While previous research has investigated the link between sociality and fitness, it has often explored behaviours that may not apply generally across species, such as support provided by social partners in fights, protection from infanticide, or stress reduction from grooming.

"We were searching for a behavioural mechanism which could potentially apply across a diverse range of species to explain the fitness benefit of social bonds. We hope that our study will stimulate further research in this area, helping to understand the benefit of forming and maintaining social bonds, and thus the evolution of complex sociality."

The findings have been published in the journal Scientific Reports.

University of Lincoln

Related Energy Articles from Brightsurf:

Energy System 2050: solutions for the energy transition
To contribute to global climate protection, Germany has to rapidly and comprehensively minimize the use of fossil energy sources and to transform the energy system accordingly.

Cellular energy audit reveals energy producers and consumers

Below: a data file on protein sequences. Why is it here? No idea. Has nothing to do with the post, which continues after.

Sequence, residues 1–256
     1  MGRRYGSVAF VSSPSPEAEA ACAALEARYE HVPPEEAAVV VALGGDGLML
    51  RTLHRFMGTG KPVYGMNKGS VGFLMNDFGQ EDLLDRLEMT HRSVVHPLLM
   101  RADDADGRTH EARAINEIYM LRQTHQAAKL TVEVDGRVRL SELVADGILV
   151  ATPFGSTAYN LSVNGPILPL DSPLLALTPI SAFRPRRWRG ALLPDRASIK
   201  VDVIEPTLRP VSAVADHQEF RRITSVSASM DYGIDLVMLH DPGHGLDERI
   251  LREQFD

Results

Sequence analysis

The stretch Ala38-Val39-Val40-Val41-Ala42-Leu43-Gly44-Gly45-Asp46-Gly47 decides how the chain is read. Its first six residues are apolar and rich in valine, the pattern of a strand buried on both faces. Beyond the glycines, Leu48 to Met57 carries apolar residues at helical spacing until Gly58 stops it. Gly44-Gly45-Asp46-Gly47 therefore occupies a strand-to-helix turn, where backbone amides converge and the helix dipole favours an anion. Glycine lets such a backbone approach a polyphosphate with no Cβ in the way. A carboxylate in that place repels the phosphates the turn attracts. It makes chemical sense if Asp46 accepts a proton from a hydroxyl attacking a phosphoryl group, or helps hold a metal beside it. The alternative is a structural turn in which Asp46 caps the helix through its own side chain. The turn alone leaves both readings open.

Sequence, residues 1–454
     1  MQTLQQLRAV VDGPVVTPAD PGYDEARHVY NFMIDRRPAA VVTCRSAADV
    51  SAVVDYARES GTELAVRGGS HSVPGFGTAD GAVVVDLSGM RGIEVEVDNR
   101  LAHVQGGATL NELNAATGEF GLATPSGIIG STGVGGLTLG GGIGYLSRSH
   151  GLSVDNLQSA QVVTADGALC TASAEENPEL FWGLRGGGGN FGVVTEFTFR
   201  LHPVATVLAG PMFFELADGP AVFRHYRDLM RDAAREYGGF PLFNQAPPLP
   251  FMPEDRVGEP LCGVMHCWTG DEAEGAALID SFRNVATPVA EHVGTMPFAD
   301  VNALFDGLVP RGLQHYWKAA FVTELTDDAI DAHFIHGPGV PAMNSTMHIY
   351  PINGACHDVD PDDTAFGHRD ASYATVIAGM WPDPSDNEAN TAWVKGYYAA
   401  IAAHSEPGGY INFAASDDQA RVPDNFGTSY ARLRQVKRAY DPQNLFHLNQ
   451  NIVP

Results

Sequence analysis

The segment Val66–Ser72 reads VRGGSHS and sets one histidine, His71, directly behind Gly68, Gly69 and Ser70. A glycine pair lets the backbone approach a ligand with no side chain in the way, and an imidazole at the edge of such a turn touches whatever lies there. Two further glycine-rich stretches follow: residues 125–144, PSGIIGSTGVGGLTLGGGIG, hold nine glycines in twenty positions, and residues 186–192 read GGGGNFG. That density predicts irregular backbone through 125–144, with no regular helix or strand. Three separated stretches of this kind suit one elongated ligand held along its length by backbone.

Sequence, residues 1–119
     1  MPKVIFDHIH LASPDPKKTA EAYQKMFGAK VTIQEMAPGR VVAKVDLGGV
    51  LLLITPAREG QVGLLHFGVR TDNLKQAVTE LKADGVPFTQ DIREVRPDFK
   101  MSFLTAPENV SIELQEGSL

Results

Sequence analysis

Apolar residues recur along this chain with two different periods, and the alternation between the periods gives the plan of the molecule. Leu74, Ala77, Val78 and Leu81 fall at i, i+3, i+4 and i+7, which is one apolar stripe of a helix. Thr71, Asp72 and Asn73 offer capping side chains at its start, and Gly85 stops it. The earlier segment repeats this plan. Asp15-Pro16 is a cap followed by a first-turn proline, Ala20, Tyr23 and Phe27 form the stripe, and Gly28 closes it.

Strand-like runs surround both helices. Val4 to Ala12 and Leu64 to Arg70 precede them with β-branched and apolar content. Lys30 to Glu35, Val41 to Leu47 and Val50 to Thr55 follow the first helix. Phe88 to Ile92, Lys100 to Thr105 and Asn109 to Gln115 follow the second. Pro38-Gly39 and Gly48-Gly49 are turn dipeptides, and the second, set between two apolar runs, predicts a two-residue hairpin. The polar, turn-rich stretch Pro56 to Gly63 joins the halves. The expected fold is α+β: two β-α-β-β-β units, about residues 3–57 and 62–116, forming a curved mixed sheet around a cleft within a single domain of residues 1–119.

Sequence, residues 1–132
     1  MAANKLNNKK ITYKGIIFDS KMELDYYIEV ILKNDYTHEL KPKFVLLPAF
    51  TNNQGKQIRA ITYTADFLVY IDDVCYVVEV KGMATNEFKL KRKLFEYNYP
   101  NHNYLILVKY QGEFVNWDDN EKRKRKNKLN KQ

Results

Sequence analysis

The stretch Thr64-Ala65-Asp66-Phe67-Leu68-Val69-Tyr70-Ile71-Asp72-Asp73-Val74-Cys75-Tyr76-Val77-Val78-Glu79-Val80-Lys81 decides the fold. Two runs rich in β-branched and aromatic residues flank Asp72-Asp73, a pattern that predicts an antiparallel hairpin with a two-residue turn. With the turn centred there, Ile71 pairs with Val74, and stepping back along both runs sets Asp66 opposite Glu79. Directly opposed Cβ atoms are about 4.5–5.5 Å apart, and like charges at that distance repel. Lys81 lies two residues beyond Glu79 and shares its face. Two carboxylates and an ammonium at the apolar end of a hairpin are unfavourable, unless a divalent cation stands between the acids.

Researchers at Gladstone Institutes have performed a massive and detailed cellular energy audit; they analyzed every gene in the human genome to identify those that drive energy production or energy consumption.

First measurement of electron energy distributions, could enable sustainable energy technologies
To answer a question crucial to technologies such as energy conversion, a team of researchers at the University of Michigan, Purdue University and the University of Liverpool in the UK have figured out a way to measure how many 'hot charge carriers' -- for example, electrons with extra energy -- are present in a metal nanostructure.

Mandatory building energy audits alone do not overcome barriers to energy efficiency
A pioneering law may be insufficient to incentivize significant energy use reductions in residential and office buildings, a new study finds.